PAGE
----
Most of the laboratory teaching by TAs at Stanford takes place in introductory-level laboratory courses. As a lab TA, you are really a facilitator, a person who is there to help people learn; if you keep that in mind, you will help make the laboratory a pleasant learning experience for students and a rewarding teaching experience for yourself.
- Each lab session typically lasts two hours and fifty minutes a week (three Stanford “hours”), during which students usually complete one experiment.
- Some sections also include a one-hour discussion section.
- Some of your lab section time may be devoted to explaining some of the finer points (and pitfalls) of the experiment or to addressing students’ questions on homework or lecture material.
Preparing for Your Lab Section
- Find out what orientations, written materials, or procedures your particular department has for graduate students assisting with laboratory courses. In many cases you will have to complete a formal lab safety program before working or teaching in a lab.
- Meet with the professor and other TAs to establish a regular method for preparing and reviewing labs each week.
- Familiarize yourself with the laboratory room you’ll be teaching in, including the layout and equipment.
- Find out the location of the first-aid kit, basic first-aid rules, and the procedure for getting emergency assistance. Then make sure the students know them, too!
Your First Lab Section
- Go over the grading methods and requirements of the course.
- Make sure the students know the procedures and rules for writing up and submitting their results.
- Show students how to handle and care for the laboratory equipment they will be using.
- Introduce students to any safety procedures and precautions.
- You may want to let your students divide themselves into smaller groups of two to four lab partners. The exact number of lab partners per small group will depend on the actual class size, the number of experimental apparatus available for each lab session, and the wishes of the course professor.
Helping Lab Run Smoothly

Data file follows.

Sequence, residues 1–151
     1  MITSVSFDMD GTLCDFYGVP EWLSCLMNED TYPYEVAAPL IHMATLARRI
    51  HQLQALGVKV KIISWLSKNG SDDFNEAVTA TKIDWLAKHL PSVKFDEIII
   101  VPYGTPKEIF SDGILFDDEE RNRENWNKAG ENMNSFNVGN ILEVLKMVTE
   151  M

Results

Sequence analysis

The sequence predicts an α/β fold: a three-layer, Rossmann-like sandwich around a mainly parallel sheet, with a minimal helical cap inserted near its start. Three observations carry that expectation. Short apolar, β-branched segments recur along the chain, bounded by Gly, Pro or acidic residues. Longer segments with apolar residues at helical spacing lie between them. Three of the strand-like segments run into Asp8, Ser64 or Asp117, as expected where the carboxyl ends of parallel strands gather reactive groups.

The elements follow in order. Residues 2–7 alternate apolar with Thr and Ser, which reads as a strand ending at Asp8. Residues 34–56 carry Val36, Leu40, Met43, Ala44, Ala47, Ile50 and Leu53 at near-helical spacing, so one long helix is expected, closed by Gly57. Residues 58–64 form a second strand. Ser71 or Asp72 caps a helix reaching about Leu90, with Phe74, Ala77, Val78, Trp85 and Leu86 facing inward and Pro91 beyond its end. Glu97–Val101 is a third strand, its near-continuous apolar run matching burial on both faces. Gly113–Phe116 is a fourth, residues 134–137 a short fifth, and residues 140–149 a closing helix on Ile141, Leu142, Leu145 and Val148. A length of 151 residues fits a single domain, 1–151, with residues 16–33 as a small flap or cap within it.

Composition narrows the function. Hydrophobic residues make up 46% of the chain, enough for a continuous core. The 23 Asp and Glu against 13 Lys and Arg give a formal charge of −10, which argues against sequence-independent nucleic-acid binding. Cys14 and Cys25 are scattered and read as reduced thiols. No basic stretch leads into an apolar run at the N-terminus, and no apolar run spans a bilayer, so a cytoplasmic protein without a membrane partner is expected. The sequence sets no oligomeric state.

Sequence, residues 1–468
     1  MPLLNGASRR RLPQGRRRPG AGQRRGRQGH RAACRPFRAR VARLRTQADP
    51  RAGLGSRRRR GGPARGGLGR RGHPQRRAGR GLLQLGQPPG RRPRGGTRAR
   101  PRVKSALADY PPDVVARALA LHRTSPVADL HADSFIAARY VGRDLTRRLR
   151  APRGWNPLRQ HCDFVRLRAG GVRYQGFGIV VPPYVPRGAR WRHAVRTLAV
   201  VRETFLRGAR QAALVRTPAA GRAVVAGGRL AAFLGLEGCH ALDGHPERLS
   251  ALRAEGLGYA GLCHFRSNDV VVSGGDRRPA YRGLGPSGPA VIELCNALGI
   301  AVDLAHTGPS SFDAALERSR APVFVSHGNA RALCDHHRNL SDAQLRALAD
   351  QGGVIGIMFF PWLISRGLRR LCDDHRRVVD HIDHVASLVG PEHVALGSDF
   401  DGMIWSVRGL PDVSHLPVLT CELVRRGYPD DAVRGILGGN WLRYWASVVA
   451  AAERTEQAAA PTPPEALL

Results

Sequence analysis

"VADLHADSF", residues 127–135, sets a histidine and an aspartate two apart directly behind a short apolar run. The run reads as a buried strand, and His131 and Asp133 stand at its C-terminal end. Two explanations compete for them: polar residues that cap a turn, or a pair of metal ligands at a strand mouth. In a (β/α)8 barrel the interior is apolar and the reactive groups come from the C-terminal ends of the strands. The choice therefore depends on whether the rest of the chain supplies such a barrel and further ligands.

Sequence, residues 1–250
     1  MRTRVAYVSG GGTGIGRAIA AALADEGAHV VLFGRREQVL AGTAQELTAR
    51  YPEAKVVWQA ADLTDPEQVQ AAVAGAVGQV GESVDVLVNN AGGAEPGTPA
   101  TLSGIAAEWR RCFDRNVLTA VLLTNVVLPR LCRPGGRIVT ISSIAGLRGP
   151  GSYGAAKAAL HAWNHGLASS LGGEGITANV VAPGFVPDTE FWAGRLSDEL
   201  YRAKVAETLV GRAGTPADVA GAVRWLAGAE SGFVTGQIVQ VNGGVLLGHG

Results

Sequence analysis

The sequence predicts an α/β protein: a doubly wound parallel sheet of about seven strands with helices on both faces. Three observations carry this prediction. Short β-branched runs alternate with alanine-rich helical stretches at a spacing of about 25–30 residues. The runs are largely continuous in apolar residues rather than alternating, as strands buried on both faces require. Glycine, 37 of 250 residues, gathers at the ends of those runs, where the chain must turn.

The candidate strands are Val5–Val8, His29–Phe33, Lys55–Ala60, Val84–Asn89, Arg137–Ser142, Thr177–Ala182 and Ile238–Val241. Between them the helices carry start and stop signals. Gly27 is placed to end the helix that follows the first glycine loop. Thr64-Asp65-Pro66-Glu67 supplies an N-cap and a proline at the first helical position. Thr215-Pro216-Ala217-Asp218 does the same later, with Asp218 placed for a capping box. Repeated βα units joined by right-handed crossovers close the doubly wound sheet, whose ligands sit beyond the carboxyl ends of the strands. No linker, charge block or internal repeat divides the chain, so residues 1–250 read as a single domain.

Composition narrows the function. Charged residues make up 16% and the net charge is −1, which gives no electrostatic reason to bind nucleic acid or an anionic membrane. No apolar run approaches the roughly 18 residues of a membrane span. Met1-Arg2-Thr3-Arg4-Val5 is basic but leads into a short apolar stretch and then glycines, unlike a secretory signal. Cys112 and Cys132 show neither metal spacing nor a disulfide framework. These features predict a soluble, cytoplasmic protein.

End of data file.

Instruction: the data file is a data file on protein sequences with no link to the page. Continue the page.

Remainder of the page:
- Come into the lab well in advance and actually do the experiment yourself. Your students will come across a number of stumbling blocks in even the best-designed experiments; both you and they will benefit if you are as prepared as possible to help them over these difficulties by knowing the tricky or confusing parts of the experiments.
- Shortly before class begins, make sure the lab is properly set up for the day’s experiments. For example, check water-bath temperatures and make sure all required apparatus is on hand and warmed up, if necessary.
- Have students construct a flowchart of the procedures for each day’s experiments before coming into lab. Then, begin each lab period by reviewing the lab protocol and anticipating potential pitfalls.
- As students conduct their experiments, circulate among the various groups and see how they are doing. Do not wait for them to approach you, especially in the first few weeks, since they may be hesitant to ask. This also gives you a chance to learn their names.
- Because all labs and apparatus are shared, laboratory courtesy is important. Be sure to have your students clean up the lab benches before leaving. You may want to check and “okay” bench spaces as people leave.
- If a piece of apparatus breaks, set it aside with an appropriate sign and notify the laboratory supervisor as soon as possible. This way the damaged equipment can be put back into service quickly, an important consideration when a limited number of pieces of equipment have to be used by a large number of students over a few days’ time.
Increase Student Learning
- A few strategic questions, such as: “Once you plot these points on your graph, how are you going to find the best straight line through them?” or “Why do they tell you to make measurements with the current going both ways through the coil?” will help you figure out what the students understand and on what points they are still a little hazy.
- You can also relate the experiment to current topics of research and embellish otherwise “cookbooky” labs by asking students to think about how their results (or the ones they hope for) relate to a larger, more basic scientific question. In a biology lab, for example, rather than having the students just identify plant pigments and learn a technique, you might also ask them to think about how the different properties of pigments relate to the evolution of plants’ coloration.
- Another way to enliven experiments is to have students present short (five to ten minute) talks on related topics, perhaps for extra credit.
- Offer supplemental readings and resources for students interested in learning more about a topic.